We report that B cell–activating factor of the tumor necrosis factor (TNF) family (BAFF) is expressed in the normal human brain at ∼10% of that in lymphatic tissues (tonsils and adenoids) and is produced by astrocytes. BAFF was regularly detected by enzyme-linked immunosorbent assay in brain tissue lysates and in normal spinal fluid, and in astrocytes by double fluorescence microscopy. Cultured human astrocytes secreted functionally active BAFF after stimulation with interferon-γ and TNF-α via a furin-like protease-dependent pathway. BAFF secretion per cell was manifold higher in activated astrocytes than in monocytes and macrophages. We studied brain lesions with B cell components, and found that in multiple sclerosis plaques, BAFF expression was strongly up-regulated to levels observed in lymphatic tissues. BAFF was localized in astrocytes close to BAFF-R–expressing immune cells. BAFF receptors were strongly expressed in situ in primary central nervous system (CNS) lymphomas. This paper identifies astrocytes as a nonimmune source of BAFF. CNS-produced BAFF may support B cell survival in inflammatory diseases and primary B cell lymphoma.
BAFF (B cell–activating factor of the TNF family; also named BLyS) plays a crucial role in B cell development, survival, and production of Ig (1). Studies on BAFF transgenic mice and patients with rheumatoid diseases indicate that overexpression of BAFF is linked to the development of autoimmune pathology (1).
Until now, myeloid cells, namely monocytes, macrophages, dendritic cells (2), and neutrophils (3), as well as unidentified nonbone marrow–derived radioresistant cells (4), have been considered as sources of BAFF.
In different immunopathologies, the brain provides a fostering environment to B cells: primary central nervous system (CNS) lymphomas are usually of B cell origin (5). The cerebrospinal fluid (CSF) of patients with chronic infectious and autoimmune diseases of the CNS typically contains remarkably stable oligoclonal Ig bands (6). In the CNS of multiple sclerosis (MS) patients clonally expanded B cells and plasma cells persist (7–9), ectopic B cell follicles develop in the meninges of patients with secondary progressive MS (10), and B cell differentiation may be recapitulated in the CNS of MS patients (11).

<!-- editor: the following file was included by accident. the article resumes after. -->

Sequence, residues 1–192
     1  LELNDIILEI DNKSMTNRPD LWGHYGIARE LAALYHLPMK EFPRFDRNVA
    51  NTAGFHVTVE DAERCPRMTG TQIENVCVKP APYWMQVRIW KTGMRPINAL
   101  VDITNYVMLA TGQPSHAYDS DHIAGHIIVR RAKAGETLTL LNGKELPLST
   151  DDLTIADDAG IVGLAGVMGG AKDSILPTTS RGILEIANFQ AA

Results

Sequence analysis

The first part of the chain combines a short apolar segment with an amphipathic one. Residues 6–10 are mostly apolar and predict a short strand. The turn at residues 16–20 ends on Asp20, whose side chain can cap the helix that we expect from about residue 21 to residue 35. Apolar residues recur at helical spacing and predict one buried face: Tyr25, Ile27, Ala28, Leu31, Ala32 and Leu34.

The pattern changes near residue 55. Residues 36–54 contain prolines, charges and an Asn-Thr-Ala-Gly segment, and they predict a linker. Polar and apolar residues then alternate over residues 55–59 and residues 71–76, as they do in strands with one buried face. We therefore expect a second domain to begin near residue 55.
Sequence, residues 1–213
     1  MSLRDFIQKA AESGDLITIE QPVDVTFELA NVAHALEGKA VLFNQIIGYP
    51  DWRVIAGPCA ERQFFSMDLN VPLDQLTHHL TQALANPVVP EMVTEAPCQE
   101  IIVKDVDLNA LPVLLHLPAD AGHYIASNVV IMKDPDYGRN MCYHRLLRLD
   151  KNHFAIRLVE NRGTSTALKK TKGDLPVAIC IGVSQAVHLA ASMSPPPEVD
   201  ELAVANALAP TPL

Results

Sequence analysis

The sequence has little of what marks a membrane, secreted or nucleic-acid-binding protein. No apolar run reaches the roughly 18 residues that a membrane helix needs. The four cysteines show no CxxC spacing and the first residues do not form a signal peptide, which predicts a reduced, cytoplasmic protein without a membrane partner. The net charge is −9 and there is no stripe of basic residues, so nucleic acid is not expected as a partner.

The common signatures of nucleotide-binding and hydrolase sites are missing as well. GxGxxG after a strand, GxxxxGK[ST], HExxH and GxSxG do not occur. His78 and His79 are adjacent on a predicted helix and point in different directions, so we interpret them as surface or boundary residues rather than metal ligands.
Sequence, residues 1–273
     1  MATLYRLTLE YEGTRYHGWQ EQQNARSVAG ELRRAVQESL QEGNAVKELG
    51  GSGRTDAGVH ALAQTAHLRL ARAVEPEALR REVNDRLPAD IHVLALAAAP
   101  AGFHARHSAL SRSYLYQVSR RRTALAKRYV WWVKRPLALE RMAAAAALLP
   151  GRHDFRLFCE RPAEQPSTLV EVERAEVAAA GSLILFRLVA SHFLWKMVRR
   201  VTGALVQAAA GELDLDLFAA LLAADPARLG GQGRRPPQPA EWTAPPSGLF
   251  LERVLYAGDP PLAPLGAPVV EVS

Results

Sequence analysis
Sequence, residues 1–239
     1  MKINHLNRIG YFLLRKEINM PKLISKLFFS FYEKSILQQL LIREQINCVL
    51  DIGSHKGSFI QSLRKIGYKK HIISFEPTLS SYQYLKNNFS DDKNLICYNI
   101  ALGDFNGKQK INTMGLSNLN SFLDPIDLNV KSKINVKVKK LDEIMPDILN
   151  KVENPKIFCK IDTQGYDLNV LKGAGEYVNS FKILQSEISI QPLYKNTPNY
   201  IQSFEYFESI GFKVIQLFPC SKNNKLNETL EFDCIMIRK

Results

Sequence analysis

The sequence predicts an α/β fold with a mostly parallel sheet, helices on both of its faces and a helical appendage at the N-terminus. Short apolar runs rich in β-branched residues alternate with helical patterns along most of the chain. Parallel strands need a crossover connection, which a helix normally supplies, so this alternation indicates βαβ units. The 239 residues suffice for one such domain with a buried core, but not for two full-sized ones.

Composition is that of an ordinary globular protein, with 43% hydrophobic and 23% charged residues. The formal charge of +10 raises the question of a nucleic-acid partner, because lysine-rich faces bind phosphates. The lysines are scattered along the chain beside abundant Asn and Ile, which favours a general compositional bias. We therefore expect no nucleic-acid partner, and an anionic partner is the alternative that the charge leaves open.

Our paper establishes astrocytes as BAFF producers and suggests that CNS-derived BAFF might foster B cell survival in MS and primary CNS lymphoma.
Results And Discussion
BAFF in the normal CNS
BAFF transcription was analyzed in 17 different normal brain samples from four adults including gray and white matter of the cerebrum and the cerebellum. Similar levels of transcripts were detected in each specimen (Figs. 1 and 2). The level of BAFF mRNA in the normal brain was almost 10% of that detected in tonsils or adenoids (Fig. 2). Similar results were obtained with PPIA (Fig. 2) or with GAPDH (not depicted) as housekeeping gene.
The transcript level of BAFF was quantified in a series of other tissues. BAFF expression was detectable in heart, skeletal muscle, pancreas, kidney, skin with adipose tissue, and liver at similar levels as in the CNS (i.e., in the range of 0.03–0.1% PPIA). In the lung, the BAFF levels were slightly higher, reaching 0.18% PPIA. Although the present paper identifies astrocytes as BAFF producers in the CNS (Figs. 3 and 4), further studies might establish whether in other tissues resident macrophages (particularly in lung) or parenchymal cells are responsible for local BAFF transcription.
An alternative splice variant lacking exon 3 (ΔBAFF) has been identified in mouse and human myeloid cells (12). We detected ΔBAFF, which was less abundant than the full-length isoform, in all brain specimens as well as in lymphatic tissue (Fig. 1).
BAFF-expressing cells had the morphology of astrocytes. They were found in three normal brains in the parenchyma and in the perivascular area both in the gray and in the white matter (Fig. 3, A–D). BAFF+ cells displayed long processes that extended to the perivascular area (Fig. 3 A).
In tonsils and adenoids, BAFF was detected on a few scattered cells without a clear distribution pattern. The frequency of BAFF-labeled cells differed considerably in different tonsil specimens. The labeled cells appeared in germinal centers (Fig. 3 O), T cell areas, and in some specimens also in the connective tissue (not depicted).
BAFF was detected in brain tissue by ELISA at a concentration of ∼140 pg/mg protein lysate, whereas ∼5 ng/mg was observed in tonsils/adenoids. The amount of BAFF detected in normal brain tissue cannot be explained by blood contamination because in lysates of whole blood the BAFF concentration was ∼10-fold lower than in brain tissue lysates.